Phil Ivey Granted Court Appeal Against Crockfords in $12m Lawsuit

Phil Ivey and his edge sorting compadre Chen Yin Sun during 2014's court case against Crockfords. The pair may yet have a successful day in court.

It's been over a year since Phil Ivey set the wheels in motion to appeal the decision made in a British court that Ivey was not due the £7.8m ($12m) which London casino, Crockfords, witheld from him after he used an "edge sorting" technique to win the huge sum at punto banco back in August 2012. It seems now that Ivey has a real prospect of overturning that decision as, according to The Mail on Sunday, Ivey, "has now been granted permission to appeal after a udge ruled that his case raises an importnat question of law."

The judge also added that Ivey had "a real prospect of success".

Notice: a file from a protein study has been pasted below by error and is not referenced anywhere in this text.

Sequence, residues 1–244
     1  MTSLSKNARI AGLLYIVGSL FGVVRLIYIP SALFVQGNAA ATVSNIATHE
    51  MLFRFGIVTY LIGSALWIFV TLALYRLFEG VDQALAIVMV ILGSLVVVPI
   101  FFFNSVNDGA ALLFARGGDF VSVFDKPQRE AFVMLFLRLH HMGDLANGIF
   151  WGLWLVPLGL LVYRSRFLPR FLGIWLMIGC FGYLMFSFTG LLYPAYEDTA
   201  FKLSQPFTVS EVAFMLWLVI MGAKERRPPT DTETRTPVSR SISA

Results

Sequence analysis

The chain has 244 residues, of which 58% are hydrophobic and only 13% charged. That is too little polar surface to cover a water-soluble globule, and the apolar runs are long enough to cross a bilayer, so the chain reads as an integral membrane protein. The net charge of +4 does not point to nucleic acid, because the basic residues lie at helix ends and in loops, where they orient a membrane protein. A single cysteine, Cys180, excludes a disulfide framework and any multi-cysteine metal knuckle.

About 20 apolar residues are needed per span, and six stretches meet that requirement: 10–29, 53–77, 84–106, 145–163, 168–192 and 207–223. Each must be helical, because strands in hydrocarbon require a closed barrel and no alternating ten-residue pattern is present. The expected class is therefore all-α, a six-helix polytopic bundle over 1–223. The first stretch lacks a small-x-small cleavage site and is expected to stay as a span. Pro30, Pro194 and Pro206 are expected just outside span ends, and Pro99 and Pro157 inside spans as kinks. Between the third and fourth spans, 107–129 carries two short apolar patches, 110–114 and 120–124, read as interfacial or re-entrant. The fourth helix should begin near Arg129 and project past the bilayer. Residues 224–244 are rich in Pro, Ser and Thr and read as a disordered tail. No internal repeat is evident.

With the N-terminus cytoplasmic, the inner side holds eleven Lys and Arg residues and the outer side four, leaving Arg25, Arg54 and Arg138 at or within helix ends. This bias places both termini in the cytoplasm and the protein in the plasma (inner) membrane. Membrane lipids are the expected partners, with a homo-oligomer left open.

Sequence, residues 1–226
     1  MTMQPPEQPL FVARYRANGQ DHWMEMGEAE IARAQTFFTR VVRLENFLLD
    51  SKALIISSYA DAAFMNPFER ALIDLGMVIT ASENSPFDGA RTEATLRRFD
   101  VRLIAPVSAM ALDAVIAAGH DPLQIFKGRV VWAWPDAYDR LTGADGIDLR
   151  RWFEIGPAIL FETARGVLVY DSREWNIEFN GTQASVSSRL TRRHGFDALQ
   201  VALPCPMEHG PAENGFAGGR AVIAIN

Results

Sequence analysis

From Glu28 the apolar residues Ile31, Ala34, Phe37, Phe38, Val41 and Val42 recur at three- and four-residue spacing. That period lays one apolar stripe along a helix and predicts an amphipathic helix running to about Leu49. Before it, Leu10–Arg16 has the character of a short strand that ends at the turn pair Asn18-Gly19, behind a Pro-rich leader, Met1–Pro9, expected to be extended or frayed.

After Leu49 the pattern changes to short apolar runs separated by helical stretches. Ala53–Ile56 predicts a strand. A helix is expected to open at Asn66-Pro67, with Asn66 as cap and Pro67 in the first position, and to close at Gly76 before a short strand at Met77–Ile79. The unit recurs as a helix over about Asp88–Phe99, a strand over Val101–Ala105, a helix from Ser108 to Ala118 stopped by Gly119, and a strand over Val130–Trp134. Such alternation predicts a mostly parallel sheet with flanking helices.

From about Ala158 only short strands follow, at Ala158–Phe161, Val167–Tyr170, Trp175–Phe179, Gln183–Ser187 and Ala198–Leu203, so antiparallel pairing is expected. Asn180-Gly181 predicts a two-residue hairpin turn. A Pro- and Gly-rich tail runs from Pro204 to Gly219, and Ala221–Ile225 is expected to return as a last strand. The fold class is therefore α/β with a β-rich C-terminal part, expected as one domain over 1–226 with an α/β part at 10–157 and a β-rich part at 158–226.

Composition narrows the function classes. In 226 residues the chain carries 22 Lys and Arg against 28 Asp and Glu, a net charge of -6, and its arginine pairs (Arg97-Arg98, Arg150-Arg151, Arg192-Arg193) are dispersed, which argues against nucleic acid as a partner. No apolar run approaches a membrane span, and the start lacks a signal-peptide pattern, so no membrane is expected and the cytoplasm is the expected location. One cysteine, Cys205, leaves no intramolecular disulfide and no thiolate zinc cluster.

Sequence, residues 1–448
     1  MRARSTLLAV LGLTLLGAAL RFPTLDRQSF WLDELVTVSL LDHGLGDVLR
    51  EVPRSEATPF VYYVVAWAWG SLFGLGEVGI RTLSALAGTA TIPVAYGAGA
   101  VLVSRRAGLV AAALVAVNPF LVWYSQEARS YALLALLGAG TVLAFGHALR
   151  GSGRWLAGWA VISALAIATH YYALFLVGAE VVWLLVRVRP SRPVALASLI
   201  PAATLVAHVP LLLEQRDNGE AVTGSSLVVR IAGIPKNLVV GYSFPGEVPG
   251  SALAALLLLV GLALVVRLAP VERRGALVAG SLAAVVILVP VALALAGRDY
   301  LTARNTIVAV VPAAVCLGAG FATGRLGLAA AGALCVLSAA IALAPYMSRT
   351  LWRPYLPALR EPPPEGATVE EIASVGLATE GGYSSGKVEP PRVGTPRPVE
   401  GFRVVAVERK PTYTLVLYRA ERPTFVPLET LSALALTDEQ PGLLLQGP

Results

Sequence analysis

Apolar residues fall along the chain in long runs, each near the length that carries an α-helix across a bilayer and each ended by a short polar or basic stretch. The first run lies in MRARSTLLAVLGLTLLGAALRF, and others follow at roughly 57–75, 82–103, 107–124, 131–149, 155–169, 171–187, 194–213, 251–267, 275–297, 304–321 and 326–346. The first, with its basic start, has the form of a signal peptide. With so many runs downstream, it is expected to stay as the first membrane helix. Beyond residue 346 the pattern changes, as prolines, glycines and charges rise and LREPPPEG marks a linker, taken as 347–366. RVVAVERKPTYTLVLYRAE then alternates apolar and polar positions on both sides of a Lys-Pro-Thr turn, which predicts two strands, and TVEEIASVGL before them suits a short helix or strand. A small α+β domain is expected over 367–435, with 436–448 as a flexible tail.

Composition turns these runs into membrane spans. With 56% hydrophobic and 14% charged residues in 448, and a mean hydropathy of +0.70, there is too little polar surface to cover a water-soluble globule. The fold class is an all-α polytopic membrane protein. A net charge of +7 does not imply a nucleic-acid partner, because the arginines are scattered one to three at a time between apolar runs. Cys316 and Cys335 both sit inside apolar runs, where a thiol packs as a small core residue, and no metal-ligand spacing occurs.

Speaking to the popular English newspaper Ivey said, "This is really great news. I am getting a second shot and I'm hoping we will win this time around. It is not in my nature to cheat, which is why I was so bitterly disappointed by the udge's decision a year ago, even though he said I was a truthful witness."

The "edge sorting" technique involves taking advantage of a slight manufacturing flaw in the markings on certain decks of cards to identify their value and hence shift the odds in the favour of the player. Ivey has argued all along that he cannot be considered a cheat as at no point had he, or his playing partner Cheng Yin Sun, touched the cards. Also, the casino readily agreed to all his conditions while playing  which included using the same deck of cards day after day and allowing certain cards to be turned around during play (making them easier to be identified).

According to Ivey, "When you are a professional gambler you are always looking for ways to gain an advantage over the casino. It's their job to prevent me from having any aadvantage. Sometimes I come out on top, sometimes they do."


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